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Data from: Infection sequence alters disease severity—Effects of the sequential exposure of two larval trematodes to Polypedates cruciger tadpoles

Citation

Pathirana, Nuwandi U.K.; Meegaskumbura, Madhava; Rajakaruna, Rupika S. (2019), Data from: Infection sequence alters disease severity—Effects of the sequential exposure of two larval trematodes to Polypedates cruciger tadpoles, Dryad, Dataset, https://doi.org/10.5061/dryad.60j73s7

Abstract

Multiple pathogens co-exist in nature and the sequence in which the host encounters the parasites influences interactions between parasites and host pathology. Here the effects of infection by two larval trematodes, pleurolophocercous cercariae of Acanthostomum burminis and a furcocercous cercariae, on common hourglass tree frog (Polypedates cruciger) was examined. Ten days post-hatch tadpoles (Gosner stage 27/28) were used for infection exposures. First, infection of individuals was carried out by introducing each cercariae type to the tadpoles separately. Second, co-infection of the two cercariae was carried out by alternating the sequences of exposure. For all the experiments, appropriate controls were instituted. Tadpoles exposed to parasites had lower survival compared to controls. The highest survival was observed in the co-infection when furcocercous was introduced first (82.5%). The lowest survival was observed in the co-infection when the A. burminis cercariae was introduced first (65.0%). In co-infections, when A. burminis was introduced prior to furcocercous, survival of the tadpoles was reduced by 17.0% compared to the exposures of furcocercous prior to A. burminis. Prior infection with A. burminis induced negative effect on the host with an increased infection severity while prior infection with furcocercous had reduced infection severity than lone exposures. These results suggest that furcocercous infections can be beneficial for hosts challenged with A. burminis provided that A. burminis exposure occurs second. None of the treatments had an effect on the growth of the tadpoles but lengthening of developmental period was observed in some exposures. All exposed tadpoles developed malformations which were exclusively axial – kyphosis and scoliosis. However, there was no difference in the number of malformed individuals in the single infection (19.0-25.0%) compared to co-infection (20.0-22.5%) or between coinfections. The results suggest that the sequence of parasite exposure affects host parasite interactions and hence the disease outcomes.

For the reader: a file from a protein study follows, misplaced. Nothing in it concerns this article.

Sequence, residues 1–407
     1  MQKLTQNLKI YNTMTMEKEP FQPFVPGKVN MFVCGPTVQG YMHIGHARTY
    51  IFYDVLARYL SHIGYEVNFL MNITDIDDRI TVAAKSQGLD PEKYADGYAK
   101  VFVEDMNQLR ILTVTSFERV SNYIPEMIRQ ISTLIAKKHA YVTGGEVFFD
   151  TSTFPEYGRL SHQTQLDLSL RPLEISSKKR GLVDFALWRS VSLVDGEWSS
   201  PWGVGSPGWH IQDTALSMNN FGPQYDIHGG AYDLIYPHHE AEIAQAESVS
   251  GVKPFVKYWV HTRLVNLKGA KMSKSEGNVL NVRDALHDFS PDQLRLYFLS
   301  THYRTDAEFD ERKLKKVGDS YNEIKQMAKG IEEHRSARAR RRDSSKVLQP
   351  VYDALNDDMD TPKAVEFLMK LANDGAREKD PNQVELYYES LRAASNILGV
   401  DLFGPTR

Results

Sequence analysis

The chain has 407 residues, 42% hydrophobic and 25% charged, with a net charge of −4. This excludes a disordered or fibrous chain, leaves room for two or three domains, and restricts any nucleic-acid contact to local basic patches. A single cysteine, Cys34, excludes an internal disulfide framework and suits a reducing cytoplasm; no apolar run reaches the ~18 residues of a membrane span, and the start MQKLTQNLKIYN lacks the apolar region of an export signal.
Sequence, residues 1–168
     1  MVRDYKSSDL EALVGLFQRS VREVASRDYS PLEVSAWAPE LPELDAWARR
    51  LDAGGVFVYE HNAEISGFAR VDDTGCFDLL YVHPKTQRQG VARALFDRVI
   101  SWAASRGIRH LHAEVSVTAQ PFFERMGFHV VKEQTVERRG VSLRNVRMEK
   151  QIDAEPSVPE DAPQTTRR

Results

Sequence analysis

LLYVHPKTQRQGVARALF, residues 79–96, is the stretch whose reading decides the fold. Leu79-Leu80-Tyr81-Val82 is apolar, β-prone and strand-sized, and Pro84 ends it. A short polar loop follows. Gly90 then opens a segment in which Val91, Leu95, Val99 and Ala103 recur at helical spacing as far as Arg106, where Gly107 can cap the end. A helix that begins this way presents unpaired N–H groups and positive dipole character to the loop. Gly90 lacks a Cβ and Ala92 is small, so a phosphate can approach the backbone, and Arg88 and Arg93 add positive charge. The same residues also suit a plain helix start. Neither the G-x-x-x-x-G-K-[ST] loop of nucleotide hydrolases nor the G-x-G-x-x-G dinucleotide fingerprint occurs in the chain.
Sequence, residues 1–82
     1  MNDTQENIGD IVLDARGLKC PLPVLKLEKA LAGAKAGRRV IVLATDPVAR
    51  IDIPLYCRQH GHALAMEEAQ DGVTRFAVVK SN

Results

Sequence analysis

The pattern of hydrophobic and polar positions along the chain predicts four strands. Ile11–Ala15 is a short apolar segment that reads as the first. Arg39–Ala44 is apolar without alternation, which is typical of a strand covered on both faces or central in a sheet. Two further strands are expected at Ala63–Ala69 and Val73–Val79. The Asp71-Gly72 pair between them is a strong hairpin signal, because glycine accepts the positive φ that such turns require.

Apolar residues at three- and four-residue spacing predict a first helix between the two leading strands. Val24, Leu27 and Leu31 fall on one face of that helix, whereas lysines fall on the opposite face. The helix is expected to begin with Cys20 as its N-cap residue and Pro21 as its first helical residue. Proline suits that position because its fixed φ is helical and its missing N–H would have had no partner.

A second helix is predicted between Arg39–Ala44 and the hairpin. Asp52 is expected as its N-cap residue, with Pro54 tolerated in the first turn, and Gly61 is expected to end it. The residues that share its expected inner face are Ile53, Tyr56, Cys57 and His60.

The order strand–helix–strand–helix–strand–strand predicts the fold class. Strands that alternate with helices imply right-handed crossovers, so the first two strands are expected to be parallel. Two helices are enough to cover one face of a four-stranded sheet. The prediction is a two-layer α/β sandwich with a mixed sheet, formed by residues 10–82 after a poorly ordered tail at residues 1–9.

Usage Notes

Location

Sri Lanka